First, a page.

Grit Blogs > Tillys Nest

Poultry Lice

A photo of Melissa CaugheyThis past Spring, I got an email from my daughter's preschool that a child there was discovered to have head lice.  Of course, the typical parent paranoia set in from those of us whose children were not affected....yet.  The girls were required to go to school with their longer hair braided.  They were corralled at the door and their heads were searched for hidden parasites.  Of course, all these precautions paid off.  This got me thinking.  Did you know that chickens can have lice too?  Thank goodness people cannot catch poultry lice but I still get the heebie jeebies just thinking about them.

There are many variations of poultry lice found around the country yet they all have these identifying characteristics in common.  These include:

They are 2-3 millimeters in size.

They have light brown bodies.

Move quickly

Lay white eggs

The absence of wings

Six legs

Flattened bodies, think pancakes

Round heads

Active in the daytime

Only live on the host

Mouth parts that chew

They do not suck blood.

Poultry lice spend their entire lives on the body of the chicken.  They cannot survive without remaining on the host.  When looking for them, they prefer hanging out near the vent, but can be found under the wings and on the head as well.  Sometime, you will discover the eggs first.  Where the skin meets the feathers, you will see tiny clumped little white eggs at the base.  Poultry lice can be seen walking around on the skin of the chicken as they feast on dead skin, feathers and scabs.  They will not suck blood but do ingest blood from irritated raw areas of the skin.  This behavior is very irritating to affected chickens and in severe cases be fatal.

Chickens that have poultry lice can show an assortment of symptoms that are similar to a mite infestation and include:

weight loss

decreased appetite

drop in egg production

feather loss around areas of infestation

feathers that have an appearance as though they have been eaten by a moth

irritated inflamed raw skin initially near the vent


1.  Sanitation.  Keep the coop and run clean and prevent overcrowding in your flock.  Here is how we clean our coop.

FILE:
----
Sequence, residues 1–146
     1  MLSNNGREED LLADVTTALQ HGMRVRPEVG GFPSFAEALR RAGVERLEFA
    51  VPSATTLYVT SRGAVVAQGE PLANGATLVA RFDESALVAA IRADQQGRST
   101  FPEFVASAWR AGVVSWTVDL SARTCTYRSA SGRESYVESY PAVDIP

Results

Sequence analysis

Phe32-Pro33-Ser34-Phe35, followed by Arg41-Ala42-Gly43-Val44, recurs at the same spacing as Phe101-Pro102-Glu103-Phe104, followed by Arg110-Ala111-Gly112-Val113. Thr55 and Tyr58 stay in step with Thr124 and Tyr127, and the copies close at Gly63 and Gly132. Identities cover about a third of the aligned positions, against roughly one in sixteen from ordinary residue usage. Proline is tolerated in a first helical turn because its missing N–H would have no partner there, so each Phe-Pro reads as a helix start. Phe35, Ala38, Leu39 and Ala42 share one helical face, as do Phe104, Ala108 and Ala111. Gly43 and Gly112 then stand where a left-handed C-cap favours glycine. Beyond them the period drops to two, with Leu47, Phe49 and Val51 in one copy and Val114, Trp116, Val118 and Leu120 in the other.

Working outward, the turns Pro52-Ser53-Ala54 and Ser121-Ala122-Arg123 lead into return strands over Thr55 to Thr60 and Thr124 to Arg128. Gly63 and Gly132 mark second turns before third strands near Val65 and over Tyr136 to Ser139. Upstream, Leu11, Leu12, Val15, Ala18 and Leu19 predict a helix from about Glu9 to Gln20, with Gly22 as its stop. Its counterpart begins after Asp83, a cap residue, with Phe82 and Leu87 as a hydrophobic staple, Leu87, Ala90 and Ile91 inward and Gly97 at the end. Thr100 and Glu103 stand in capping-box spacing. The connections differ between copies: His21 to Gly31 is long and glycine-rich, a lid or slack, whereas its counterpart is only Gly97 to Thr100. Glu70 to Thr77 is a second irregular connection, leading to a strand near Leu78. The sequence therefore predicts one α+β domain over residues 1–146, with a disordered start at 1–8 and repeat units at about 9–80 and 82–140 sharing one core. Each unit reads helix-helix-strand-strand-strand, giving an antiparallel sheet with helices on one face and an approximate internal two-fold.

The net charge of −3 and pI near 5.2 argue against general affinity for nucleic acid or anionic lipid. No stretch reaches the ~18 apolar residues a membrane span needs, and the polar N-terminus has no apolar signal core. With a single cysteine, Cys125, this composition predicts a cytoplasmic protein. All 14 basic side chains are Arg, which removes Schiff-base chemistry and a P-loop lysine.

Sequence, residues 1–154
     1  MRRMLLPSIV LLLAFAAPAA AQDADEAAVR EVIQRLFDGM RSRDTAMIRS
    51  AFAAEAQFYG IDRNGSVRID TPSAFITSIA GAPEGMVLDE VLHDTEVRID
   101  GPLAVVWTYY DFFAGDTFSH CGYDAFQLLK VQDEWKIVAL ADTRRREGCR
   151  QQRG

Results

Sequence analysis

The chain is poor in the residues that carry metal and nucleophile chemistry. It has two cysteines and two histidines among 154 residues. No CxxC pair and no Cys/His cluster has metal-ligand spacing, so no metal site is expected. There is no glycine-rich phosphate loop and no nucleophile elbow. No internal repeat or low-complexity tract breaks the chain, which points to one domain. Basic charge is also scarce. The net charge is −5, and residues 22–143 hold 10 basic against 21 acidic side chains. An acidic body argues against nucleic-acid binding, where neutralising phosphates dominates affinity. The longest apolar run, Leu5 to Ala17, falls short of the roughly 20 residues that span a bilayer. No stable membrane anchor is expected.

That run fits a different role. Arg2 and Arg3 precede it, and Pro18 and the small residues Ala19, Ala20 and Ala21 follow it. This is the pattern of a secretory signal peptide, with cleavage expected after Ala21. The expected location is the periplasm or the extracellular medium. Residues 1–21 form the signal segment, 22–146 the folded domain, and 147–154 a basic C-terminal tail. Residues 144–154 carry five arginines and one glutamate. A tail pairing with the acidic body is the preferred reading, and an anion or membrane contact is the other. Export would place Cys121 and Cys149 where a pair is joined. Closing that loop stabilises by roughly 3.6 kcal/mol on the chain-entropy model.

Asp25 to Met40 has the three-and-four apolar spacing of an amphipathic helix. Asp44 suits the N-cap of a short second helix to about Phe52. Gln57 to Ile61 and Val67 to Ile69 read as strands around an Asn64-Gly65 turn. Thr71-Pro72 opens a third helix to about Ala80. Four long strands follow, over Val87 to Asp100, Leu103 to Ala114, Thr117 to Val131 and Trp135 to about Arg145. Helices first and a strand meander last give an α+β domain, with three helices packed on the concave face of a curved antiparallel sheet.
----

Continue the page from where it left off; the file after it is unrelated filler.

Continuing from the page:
2.  Inspections.  Inspect your chickens at least every 1-2 weeks for the presence of lice or mites.

3.  Take preventative measures.  Add food grade diatomaceous earth to your coop and nesting box bedding.  Add it to the dust bathing areas too.

4. Quarantine and inspect any new birds that you are adding to your flock for at least 2 weeks. Treat them if necessary.

5.  Prevent wild birds from nesting in or near your coop and run.


1.  Clean.  Thoroughly clean your entire coop and run and add food grade diatomaceous earth (DE) to all the bedding.

2.  Treat.  Dust each flock member with DE or a garden dust such as Sevin-5%. I have no personal experiences with Sevin but many on swear by it. Older labels deemed it safe for pets and now that information has been removed from current labeling. As there are alternatives, I would try other methods prior to using Sevin dust.  Permethrin is also available as well as Manna Pro's Poultry Protector.  Cover your mouth and nose to avoid inhaling the dust products and also avoid the head of your chicken.  I prefer the DE and Poultry Protector as they are safe to use around the flock's food and water and all natural.

3.  Re-treat.  The life cycle of poultry lice is two weeks.  Mark your calendar and repeat steps 1 and 2 to ensure that you have eradicated the lice.

4.  Prevention.  Take preventative steps as mentioned above for the future.